The GST Council does well to focus on the concerns of small firms.
The Goods and Services Tax Council met last Saturday for the second time within a fortnight. However, this time it refrained from further rate rejigs. While the new indirect tax regime has expanded India’s tax base and brought more firms into the formal economy, revenues have slipped somewhat after peaking at ₹1.03 lakh crore in April (for taxes accrued in March) this year. The first three months of this financial year have yielded ₹94,016 crore, ₹95,610 crore and ₹96,483 crore, respectively — this is well short of the ₹1.lakh crore revenue target a month for 2018-19.
The steep rate cuts effected on several items in the last Council meeting were to kick in from July 27, so their full impact on revenue collections may take more time to unfold. Moody’s Investors Service reckons that the revenue loss from the most recent tax cuts may be 0.04-0.08% of GDP annually. This is marginal at best, and could be offset by stronger consumption-led growth and better tax compliance. But it is in this context of revenue concerns that the Council’s dedicated focus at its latest meeting on issues facing micro, small and medium enterprises (MSMEs) is a creditable move.
Setting up a ministerial group to look into the problems faced by MSMEs since India moved to the GST regime last July is a signal that the government is not brushing aside the implementation issues that still trouble smaller players. Firms with an annual turnover of less than ₹5 crore constitute 93% of the registered taxpayers under the GST. At its previous meeting, the Council had decided that such businesses need no longer file cumbersome returns every month, but only on a quarterly basis.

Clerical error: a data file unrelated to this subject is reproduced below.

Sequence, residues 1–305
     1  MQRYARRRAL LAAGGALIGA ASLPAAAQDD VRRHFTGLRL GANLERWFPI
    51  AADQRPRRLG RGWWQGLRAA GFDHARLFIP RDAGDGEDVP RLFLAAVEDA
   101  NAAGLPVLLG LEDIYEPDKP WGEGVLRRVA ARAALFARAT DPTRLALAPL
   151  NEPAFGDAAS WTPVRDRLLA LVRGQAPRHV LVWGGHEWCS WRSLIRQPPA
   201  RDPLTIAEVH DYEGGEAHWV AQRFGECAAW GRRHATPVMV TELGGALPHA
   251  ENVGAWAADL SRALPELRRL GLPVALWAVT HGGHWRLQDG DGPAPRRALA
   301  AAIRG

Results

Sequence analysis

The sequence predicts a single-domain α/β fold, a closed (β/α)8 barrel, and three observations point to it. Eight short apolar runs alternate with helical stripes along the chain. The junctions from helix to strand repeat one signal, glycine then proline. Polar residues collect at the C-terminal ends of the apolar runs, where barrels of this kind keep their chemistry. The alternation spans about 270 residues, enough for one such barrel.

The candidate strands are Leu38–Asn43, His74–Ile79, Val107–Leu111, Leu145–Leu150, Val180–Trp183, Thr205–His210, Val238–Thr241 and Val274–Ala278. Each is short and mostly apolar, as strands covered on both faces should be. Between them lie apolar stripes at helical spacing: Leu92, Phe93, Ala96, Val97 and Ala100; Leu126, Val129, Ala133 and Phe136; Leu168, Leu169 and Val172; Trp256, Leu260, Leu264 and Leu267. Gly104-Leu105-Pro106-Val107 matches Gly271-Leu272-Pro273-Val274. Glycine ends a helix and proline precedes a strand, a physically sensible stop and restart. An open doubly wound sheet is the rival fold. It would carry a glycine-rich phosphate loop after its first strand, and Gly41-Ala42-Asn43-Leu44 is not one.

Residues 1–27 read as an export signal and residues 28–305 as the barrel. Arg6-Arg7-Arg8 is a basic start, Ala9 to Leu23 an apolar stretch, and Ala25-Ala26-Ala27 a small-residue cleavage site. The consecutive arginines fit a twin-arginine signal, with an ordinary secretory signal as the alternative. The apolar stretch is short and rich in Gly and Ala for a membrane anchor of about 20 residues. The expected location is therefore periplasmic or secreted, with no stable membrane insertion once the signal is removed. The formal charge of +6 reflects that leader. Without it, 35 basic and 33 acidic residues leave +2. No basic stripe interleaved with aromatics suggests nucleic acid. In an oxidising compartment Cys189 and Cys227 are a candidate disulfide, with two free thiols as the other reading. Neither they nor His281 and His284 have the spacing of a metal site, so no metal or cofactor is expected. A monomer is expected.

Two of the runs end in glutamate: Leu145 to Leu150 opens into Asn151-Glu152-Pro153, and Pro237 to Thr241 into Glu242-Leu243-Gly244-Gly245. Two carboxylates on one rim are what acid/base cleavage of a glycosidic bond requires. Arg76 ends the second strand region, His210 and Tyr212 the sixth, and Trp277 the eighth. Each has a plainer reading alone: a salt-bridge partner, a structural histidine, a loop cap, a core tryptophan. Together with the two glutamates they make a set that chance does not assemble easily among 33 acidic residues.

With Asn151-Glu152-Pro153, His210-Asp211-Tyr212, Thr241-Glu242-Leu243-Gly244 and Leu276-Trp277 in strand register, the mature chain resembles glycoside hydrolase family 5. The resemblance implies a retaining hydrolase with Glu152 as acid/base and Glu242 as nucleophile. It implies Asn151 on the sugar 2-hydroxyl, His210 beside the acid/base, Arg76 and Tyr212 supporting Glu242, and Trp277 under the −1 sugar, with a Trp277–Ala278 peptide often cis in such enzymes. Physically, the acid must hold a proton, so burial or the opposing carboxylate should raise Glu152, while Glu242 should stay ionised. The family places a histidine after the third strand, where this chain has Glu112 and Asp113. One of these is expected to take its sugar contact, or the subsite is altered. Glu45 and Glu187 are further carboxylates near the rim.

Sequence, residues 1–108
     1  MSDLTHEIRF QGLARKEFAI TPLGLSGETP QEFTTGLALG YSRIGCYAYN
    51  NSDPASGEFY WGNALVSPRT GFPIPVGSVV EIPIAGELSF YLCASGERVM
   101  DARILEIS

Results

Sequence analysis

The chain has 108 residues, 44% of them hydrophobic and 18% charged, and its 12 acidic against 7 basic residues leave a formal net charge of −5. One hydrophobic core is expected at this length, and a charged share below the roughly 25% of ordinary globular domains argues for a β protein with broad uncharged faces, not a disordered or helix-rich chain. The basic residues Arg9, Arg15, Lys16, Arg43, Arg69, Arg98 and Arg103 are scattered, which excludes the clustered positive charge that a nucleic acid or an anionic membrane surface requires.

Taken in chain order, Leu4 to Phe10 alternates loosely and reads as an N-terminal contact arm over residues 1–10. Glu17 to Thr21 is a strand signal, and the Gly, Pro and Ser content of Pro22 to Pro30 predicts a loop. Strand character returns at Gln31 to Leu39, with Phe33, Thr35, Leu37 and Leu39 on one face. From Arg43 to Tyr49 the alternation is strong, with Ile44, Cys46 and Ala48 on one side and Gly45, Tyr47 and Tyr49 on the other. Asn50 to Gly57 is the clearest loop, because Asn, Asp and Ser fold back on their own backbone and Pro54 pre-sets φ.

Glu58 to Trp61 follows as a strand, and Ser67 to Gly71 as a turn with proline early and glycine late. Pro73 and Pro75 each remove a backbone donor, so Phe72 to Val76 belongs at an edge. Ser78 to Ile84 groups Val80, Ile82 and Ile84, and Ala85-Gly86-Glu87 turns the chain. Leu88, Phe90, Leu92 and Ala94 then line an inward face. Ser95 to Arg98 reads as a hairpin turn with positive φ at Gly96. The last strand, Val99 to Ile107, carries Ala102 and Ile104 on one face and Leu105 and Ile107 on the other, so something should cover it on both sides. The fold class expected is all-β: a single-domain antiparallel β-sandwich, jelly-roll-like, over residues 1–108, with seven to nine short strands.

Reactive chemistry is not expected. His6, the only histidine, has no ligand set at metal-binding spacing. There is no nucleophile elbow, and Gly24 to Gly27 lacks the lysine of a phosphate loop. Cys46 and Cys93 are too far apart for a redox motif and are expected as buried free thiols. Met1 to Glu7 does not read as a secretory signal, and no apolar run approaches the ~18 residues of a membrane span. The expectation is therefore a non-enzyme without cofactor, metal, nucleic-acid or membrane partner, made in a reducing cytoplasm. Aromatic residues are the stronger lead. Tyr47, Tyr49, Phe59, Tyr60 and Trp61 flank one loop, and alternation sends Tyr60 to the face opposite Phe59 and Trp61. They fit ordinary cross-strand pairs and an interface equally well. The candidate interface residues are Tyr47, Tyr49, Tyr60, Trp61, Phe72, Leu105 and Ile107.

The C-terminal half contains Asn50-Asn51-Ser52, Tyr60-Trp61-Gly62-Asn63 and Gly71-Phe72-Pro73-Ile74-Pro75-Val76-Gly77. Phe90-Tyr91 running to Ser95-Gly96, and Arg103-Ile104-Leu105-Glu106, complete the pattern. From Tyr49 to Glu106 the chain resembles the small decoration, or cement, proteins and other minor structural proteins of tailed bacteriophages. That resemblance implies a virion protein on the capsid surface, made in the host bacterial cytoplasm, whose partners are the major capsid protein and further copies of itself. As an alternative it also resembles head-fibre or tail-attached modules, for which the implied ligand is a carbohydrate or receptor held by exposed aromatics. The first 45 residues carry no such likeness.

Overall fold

There may be more room for the ministerial panel to recommend further easing of compliance for micro firms with turnover far below ₹5 crore and enhancing the ₹50,000 threshold for mandatory use of e-way bills to track movement of taxable goods. A deeper dive to understand why 1.7 million taxpayers had registered under the GST by December 2017 although their operations were below the taxable limit could also yield some pointers.
The Council meeting has also, wisely, returned to a consensual approach on decisions. While a few States had reservations about the rate cuts at the last meeting, this time their concerns on a proposal to push digital payments by offering a cash-back to consumers using RuPay cards or the UPI platform have been incorporated. Now, States will volunteer to run a pilot on these lines and a final decision will be taken after a detailed system-wide evaluation of such incentives. This indicates the Centre’s keenness to retain a cooperative approach with States that has generally marked the Council’s functioning.